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Lectures On Tibetan Medicine
Lectures On Tibetan Medicine
Description
About the Book

This is a general introduction to the fascinating yet complex subject of this ancient science of healing from Tibet. In it, the late Dr. Dolma lectures on many of the fundamental concepts of Tibetan medicine and answers the numerous questions that students of Tibetan medicine have. Mainly compiled from her lectures on the subject during her tour of Australia and Holland, this compilation provides the readers with one of best introductions to Tibetan medicine, its history and the various cures and concepts propounded in its general and secret medical tantras. Being one of the foremost practitioners of Tibetan medicine for over two decades, Dr. Dolma was among the undisputed authorities on the practice and theory of Tibetan medicine. As such, Lectures on Tibetan Medicine will be of interest and use to all the readers interested in Tibetan medicine.

Preface

I have always wanted to compile Dr. Dolma's lectures on Tibetan medicine and publish them under one cover. As her son-in- law, I have had easy access to the tapes and typescripts of her lectures translated by different translators at different times in different countries. For this compilation, I have drawn mainly from the lectures at Kolmas in Holland where Dr. Dolma gave a month-long course after attending the first International Conference on Tibetan Medicine at Milan in Italy. I have also drawn from her Australian lectures where she attended the International Conference on Traditional Asian Medicine at the University of Canberra and spoke extensively on different aspects of Tibetan medicine to appreciative audiences everywhere. Whenever and wherever it was possible and necessary, I have personally consulted Dr. Dolma for corrections, clarifications and textual references. Yet in a work of such a nature where much remains to be translated and interpreted in western medical terminology, many theories and concepts are still unclear and mistakes of interpretation and translations remain. For such drawbacks in this edition, I judge myself personally responsible.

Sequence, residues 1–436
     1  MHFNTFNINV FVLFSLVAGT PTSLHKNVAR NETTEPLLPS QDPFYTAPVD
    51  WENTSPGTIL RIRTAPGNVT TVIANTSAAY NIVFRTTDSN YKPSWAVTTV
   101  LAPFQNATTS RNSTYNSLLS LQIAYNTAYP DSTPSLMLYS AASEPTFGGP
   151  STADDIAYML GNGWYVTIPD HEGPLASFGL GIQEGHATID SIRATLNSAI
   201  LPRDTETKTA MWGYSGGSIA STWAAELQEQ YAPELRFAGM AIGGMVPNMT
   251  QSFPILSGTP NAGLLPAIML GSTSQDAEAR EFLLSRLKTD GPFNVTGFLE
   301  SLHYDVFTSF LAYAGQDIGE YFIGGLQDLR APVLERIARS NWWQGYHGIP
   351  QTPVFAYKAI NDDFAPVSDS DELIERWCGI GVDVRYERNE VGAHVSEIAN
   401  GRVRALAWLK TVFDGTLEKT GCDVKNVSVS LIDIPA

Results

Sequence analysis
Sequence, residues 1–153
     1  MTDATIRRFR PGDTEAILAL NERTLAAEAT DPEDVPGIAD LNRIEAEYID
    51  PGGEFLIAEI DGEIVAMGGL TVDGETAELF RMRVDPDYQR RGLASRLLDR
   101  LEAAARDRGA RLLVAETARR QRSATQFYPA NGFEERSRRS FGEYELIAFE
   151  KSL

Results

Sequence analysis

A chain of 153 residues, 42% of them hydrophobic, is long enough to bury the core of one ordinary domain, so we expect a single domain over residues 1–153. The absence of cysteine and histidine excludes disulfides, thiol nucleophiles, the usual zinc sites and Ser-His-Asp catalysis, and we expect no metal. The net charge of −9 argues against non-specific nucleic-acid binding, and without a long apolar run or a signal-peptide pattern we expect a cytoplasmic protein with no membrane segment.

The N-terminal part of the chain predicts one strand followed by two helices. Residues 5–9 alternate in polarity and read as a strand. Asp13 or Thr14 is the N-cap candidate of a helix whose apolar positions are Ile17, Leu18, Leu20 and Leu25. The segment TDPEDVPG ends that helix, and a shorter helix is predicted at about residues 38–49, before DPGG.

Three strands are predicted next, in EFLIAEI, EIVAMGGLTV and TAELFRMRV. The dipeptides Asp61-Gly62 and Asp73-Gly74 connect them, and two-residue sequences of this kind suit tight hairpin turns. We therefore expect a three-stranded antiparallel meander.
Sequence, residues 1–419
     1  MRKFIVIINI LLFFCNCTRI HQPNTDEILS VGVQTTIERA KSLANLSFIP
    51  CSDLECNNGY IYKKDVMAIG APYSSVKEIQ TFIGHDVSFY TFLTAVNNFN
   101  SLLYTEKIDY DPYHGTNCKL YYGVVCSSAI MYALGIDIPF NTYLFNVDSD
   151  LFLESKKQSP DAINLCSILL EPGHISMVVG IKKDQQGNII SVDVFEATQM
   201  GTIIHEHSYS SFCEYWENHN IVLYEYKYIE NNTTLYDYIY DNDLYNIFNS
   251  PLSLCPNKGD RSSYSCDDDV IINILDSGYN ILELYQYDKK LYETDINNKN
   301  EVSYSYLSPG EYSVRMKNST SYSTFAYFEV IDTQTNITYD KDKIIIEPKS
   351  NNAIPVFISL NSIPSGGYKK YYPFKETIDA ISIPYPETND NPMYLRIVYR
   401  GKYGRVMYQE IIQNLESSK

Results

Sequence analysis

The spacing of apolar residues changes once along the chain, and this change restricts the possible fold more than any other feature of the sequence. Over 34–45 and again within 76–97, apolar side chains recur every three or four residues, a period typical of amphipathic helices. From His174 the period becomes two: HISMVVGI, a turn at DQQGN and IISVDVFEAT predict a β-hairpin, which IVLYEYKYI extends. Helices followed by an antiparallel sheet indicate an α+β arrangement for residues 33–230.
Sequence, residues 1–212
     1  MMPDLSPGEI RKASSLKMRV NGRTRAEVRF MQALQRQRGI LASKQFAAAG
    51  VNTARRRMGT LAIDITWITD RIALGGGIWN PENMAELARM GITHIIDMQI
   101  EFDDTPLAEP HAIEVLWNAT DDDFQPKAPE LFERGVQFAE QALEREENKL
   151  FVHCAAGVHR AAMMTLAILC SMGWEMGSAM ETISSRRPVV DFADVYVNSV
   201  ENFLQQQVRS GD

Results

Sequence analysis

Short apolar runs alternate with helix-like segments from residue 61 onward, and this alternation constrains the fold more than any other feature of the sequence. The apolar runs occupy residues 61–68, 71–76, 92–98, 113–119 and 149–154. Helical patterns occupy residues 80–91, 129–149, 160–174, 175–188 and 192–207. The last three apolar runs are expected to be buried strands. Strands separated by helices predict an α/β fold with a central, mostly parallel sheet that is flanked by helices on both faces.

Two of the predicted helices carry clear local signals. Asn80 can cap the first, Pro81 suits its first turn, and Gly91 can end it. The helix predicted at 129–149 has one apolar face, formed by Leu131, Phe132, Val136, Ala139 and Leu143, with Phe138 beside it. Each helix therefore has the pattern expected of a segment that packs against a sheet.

As she was always involved with the task of relieving the distress of the patients, Dr. Dolma had neither the time nor the energy to sit for long hours of discussion on a particular aspect of Tibetan medicine. Frankly speaking, she considers the treatment of patients as the most important field of her work as a doctor. In her dedication to her profession and in her compassion for the sick and the suffering patients, she gave no importance to a compilation and publication of her lectures on Tibetan medicine. It was with some difficulty that I finally succeeded in getting her full consent to bring out the present edition. Though many of the chapters have been re-written and edited after careful consultation with Dr. Dolma, I have tried to keep the essence and original flavor of the lectures, as well as the question and answer sessions that followed the lectures. Suggestions and criticisms from the readers, especially the Tibetan medical community, are always welcome.